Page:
Place:Climping, Sussex, England

Alt namesClympingsource: another spelling
Atheringtonsource: hamlet in parish
Coordinates50.812°N 0.578°W
Located inSussex, England
Also located inWest Sussex, England     (1865 - )
See alsoArundel Rape, Sussex, Englandrape in which it was located
Avisford Hundred, Sussex, Englandhundred in which it was located
East Preston Rural, Sussex, Englandrural district 1894-1933
Chichester Rural, Sussex, Englandrural district 1933-1974
Arun District, West Sussex, Englanddistrict municipality covering the area since 1974
source: Family History Library Catalog

the text in this section is based on an article in Wikipedia

Climping (also spelt Clymping) is a village and coastal civil parish containing agricultural and natural sandy land in the Arun District of West Sussex, England. The parish also contains the hamlet of Atherington, located on the English Channel. Climping Village is three miles (5 km) west of Littlehampton, just north of the A259 road. The parish covers an area of 6.35 km2 (2.45 sq mi) and had a population of 771 in the UK census of 2011.

The parish church, dedicated to St Mary, dates from 1080, and is teamed with those of Yapton and Ford under one vicar. There is a canonical sundial, dating from the 12th century, on the south wall.

A windmill here predates the mid-18th century and survives, unused for wind power, bereft of its sails, but kept up and lived in.

The following description from John Marius Wilson's Imperial Gazetteer of England and Wales of 1870-72 is provided by the website A Vision of Britain Through Time (University of Portsmouth Department of Geography).

"CLIMPING, a parish in Worthing [registration] district, Sussex; at the mouth of the river Arun and on the South Coast railway, 1 mile WSW of Arundel and Littlehampton [railway] station, and 4 SSW of Arundel. It has a post office under Arundel. Acres:, 2,185; of which 380 are water. Real property: £3,736. Population: 331. Houses: 50. The property is subdivided.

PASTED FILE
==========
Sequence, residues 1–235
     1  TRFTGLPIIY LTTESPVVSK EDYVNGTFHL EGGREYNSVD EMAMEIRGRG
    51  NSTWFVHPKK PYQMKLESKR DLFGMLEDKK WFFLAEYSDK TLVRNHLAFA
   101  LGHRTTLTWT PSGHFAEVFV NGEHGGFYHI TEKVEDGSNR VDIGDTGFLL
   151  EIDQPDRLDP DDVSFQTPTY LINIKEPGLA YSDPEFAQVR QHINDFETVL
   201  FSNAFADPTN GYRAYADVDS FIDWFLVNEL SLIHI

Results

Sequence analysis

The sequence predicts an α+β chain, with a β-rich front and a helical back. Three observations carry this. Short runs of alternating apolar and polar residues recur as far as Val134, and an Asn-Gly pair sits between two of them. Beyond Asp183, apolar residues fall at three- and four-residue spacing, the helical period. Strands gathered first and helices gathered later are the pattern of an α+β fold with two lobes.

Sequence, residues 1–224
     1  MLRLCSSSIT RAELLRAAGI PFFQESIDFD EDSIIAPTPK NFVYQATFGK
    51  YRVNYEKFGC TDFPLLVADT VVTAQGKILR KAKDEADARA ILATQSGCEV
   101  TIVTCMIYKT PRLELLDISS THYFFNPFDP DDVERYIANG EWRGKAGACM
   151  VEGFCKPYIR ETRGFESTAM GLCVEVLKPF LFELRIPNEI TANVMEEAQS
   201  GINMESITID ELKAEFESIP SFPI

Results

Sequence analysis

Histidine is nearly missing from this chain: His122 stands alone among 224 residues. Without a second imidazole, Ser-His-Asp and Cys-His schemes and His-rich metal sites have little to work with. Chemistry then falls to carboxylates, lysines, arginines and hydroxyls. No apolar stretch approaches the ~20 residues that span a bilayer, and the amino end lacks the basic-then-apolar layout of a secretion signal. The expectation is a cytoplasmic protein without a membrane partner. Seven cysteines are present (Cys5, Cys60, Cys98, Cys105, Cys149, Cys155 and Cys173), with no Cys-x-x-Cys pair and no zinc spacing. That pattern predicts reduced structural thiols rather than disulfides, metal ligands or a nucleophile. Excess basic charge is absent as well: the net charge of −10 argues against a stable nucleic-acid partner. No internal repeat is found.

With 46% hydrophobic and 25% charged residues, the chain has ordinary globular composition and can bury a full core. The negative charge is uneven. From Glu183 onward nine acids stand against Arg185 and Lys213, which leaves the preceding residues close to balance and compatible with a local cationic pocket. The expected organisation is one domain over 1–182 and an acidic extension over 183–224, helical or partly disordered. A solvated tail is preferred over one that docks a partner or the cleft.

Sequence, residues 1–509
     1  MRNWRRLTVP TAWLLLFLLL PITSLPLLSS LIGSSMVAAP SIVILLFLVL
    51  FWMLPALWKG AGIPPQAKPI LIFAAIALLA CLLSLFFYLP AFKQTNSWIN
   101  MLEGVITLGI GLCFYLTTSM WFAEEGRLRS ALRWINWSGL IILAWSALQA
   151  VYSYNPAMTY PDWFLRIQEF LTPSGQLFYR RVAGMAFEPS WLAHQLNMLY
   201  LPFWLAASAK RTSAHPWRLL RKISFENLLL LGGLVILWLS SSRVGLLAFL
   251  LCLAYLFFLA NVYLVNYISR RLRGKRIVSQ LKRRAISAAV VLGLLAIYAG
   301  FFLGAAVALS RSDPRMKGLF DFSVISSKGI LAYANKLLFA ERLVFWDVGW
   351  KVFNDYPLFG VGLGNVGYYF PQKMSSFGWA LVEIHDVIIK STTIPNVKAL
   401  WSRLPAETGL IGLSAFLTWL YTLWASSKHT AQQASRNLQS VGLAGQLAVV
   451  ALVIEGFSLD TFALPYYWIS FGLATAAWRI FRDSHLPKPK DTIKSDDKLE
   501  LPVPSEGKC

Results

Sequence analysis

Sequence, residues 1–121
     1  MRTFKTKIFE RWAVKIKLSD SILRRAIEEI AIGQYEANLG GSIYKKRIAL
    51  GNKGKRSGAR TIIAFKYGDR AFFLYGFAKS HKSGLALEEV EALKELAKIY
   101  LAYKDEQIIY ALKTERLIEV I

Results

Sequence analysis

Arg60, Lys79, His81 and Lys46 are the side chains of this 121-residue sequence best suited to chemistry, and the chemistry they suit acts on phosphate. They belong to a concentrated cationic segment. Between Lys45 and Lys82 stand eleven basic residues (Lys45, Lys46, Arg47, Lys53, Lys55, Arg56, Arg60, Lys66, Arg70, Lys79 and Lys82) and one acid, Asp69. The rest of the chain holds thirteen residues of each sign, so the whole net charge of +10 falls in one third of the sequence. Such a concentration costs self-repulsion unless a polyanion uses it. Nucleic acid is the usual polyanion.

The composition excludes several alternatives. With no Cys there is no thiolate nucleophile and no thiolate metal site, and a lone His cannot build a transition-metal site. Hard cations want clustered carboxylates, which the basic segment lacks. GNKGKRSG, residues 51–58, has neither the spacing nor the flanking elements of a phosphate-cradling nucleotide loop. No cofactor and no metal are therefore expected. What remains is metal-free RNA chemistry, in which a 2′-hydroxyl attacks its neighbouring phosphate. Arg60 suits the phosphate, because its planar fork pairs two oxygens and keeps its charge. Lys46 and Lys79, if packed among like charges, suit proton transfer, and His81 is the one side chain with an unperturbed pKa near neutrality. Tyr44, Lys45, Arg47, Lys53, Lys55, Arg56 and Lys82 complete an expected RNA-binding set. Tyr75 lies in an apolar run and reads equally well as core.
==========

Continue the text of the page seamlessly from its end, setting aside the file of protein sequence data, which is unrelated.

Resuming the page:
"Lands here were held, under Roger de Montgomery, by the Norman abbey of Almenesches and St. Martin at Seez. The living is a vicarage in the diocese of Chichester. Value: £304. Patron: the Lord Chancellor. The church is early English, with circular windows above lancets; and has a Norman tower."

Research Tips

  • The West Sussex Record Office is located in Chichester. Because it holds the records of the Church of England Diocese of Chichester, which covers the whole of Sussex, it has church records relating to both parts of Sussex.
  • An on-line catalogue for some of the collections held by the West Sussex Record Office is available under the Access to Archives (A2A) project (a nationwide facility housed at The National Archives, Kew).
  • West Sussex Past - database of 2 million records from West Sussex heritage organizations.
  • The Institute of Heraldic and Genealogical Studies' Sussex Collection (PDF). This is a 9-page PDF naming the files relating to Sussex in their collection-a possible first step in a course of research.
  • The National Library of Scotland has a website which provides maps taken from the Ordnance Survey England & Wales One-Inch to the Mile series of 1892-1908 as well as equivalent maps for Scotland itself. The immediate presentation is a "help" screen and a place selection screen prompting the entry of a location down to town, village or parish level. These screens can be removed by a click of the "X". The map is very clear and shows parish and county boundaries and many large buildings and estates that existed at the turn of the 20th century. Magnification can be adjusted and an "overlay feature" allows inspection of the area today along with that of 1900. The specific map from the series can be viewed as a whole ("View this map") and this allows the inspection of the map legend (found in the left hand bottom corner. Becoming familiar with the various facilities of these maps is well worth the trouble.
This page uses content from the English Wikipedia. The original content was at Climping. The list of authors can be seen in the page history. As with WeRelate, the content of Wikipedia is available under the Creative Commons Attribution/Share-Alike License.